As I’ve noted before, inflation is likely to come down from its current level in the coming months, but to get it down to the 2% range will require a significant deterioration of economic fundamentals, which is unlikely to happen without additional prolonged monetary policy intervention.
Given this, central banks are continuing to push the gas pedal on interest rate increases, markets are currently pricing in at least another 75-100 basis points of tightening this year. Interestingly, markets are also currently expecting central banks to reverse course and begin cutting rates in the latter half of 2023. However, we feel this take is too optimistic.
Monetary policy always works with a lag of about one year, and we expect the Fed is unlikely to cut rates until 2024 at the earliest in order to allow higher rates to take hold and cool inflation expectations for the long term. The market will have to adjust to that reality.
It’s also clear that central bankers are concerned that the market may not be adequately pricing in a prolonged period of higher rates. Following the release of July inflation data, Bank of Canada Governor Tiff Macklem posted an Op-Ed where he predicted inflation “will likely remain too high for some time,” and noted that more than half of the goods and services tracked in monthly CPI data are still rising faster than 5%.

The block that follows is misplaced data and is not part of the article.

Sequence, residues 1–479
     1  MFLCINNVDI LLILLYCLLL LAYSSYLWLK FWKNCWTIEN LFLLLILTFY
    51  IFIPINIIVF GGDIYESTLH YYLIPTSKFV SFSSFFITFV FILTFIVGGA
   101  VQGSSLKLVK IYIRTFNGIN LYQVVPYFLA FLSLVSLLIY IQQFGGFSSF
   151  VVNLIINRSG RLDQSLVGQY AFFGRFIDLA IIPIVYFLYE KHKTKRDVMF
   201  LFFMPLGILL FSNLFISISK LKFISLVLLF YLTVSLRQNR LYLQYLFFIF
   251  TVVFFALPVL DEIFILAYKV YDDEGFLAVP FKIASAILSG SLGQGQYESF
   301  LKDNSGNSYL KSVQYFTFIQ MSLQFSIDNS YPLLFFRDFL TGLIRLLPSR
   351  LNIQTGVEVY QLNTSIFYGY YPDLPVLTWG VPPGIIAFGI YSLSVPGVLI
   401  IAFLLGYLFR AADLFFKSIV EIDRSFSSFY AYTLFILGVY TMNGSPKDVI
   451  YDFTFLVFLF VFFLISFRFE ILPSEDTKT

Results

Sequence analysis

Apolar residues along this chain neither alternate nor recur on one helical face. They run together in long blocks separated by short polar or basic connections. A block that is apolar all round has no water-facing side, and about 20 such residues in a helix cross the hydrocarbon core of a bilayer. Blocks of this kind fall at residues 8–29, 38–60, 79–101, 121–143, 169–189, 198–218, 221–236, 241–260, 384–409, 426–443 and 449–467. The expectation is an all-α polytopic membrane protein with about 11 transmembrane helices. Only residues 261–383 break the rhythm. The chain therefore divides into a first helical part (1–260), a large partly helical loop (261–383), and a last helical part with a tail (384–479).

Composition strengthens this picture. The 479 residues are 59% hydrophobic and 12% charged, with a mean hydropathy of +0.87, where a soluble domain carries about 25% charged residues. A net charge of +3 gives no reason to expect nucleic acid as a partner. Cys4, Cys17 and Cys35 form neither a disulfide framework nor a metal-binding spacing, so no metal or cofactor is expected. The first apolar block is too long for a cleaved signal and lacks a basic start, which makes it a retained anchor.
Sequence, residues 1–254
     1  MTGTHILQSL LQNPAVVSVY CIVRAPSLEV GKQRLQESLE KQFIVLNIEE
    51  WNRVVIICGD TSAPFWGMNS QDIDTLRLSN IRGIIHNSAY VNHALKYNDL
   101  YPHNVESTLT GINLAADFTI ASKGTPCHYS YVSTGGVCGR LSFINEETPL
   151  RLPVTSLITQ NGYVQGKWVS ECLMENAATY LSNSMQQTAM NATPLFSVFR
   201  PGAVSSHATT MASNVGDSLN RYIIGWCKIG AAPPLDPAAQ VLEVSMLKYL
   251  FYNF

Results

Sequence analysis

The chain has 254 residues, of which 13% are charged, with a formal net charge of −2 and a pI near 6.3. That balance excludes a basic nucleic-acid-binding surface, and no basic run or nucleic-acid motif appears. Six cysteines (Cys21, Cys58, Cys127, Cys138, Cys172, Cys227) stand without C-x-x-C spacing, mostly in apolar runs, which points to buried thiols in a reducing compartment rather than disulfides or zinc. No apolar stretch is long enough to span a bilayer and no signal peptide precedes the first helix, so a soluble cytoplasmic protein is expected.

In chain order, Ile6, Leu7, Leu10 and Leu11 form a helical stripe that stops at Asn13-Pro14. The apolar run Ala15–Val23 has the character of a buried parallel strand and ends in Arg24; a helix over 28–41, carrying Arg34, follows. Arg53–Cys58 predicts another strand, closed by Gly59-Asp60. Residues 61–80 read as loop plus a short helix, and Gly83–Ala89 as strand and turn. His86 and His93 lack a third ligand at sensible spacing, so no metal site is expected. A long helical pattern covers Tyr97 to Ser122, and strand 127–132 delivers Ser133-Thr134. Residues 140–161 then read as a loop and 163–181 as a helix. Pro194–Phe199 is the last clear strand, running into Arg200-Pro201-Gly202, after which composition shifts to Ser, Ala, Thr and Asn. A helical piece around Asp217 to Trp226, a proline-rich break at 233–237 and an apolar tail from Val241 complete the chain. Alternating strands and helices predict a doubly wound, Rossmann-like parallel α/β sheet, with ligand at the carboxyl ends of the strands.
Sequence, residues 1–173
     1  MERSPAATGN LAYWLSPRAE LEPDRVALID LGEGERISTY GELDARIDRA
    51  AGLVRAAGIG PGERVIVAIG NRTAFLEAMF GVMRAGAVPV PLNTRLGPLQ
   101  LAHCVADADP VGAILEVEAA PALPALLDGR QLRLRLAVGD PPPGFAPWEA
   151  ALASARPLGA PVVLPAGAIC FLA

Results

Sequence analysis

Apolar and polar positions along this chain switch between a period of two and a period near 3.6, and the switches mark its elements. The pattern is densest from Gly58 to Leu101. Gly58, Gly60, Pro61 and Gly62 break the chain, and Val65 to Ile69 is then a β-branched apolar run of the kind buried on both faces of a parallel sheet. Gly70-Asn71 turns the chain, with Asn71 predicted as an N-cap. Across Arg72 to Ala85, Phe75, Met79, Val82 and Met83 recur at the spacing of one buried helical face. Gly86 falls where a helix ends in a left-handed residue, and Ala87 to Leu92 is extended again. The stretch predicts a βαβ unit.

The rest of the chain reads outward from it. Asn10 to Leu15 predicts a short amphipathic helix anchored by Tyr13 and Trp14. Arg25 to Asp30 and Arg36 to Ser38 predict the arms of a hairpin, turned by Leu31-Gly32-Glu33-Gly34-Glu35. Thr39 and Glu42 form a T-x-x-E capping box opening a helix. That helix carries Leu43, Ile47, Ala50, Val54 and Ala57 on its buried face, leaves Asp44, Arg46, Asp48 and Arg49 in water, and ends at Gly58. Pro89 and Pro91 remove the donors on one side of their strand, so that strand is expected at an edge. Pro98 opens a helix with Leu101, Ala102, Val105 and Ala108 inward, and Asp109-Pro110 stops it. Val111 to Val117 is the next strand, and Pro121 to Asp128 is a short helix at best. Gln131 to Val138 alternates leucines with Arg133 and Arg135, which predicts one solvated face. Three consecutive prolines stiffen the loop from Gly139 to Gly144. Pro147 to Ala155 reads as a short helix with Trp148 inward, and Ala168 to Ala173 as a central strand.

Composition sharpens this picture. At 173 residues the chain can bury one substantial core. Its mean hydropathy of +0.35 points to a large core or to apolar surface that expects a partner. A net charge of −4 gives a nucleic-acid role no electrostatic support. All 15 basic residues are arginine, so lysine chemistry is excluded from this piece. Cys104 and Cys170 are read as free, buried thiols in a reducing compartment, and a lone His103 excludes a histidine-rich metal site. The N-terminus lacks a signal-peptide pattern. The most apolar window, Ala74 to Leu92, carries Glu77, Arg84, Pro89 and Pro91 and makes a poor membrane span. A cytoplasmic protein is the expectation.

And at the Fed’s annual economic symposium in Jackson Hole, Fed Chair Jerome Powell said restoring price stability “will likely require maintaining a restrictive policy stance for some time,” and said the bank’s overarching focus was restoring inflation to the 2% target.
These statements, and the prospect of additional interest rate hikes to come, suggests to me that markets still have another leg down in them. A trigger for this may be downward earnings revisions, which we have not yet seen in significant volumes, but could emerge as third-quarter earnings season approaches. The long lead-time for corporate results means there is a delay in determining the impact higher prices have on company bottom lines, and those revelations could have a significant impact on market sentiment if and when they come. Currently, our base case is for significant volatility for the balance of the year.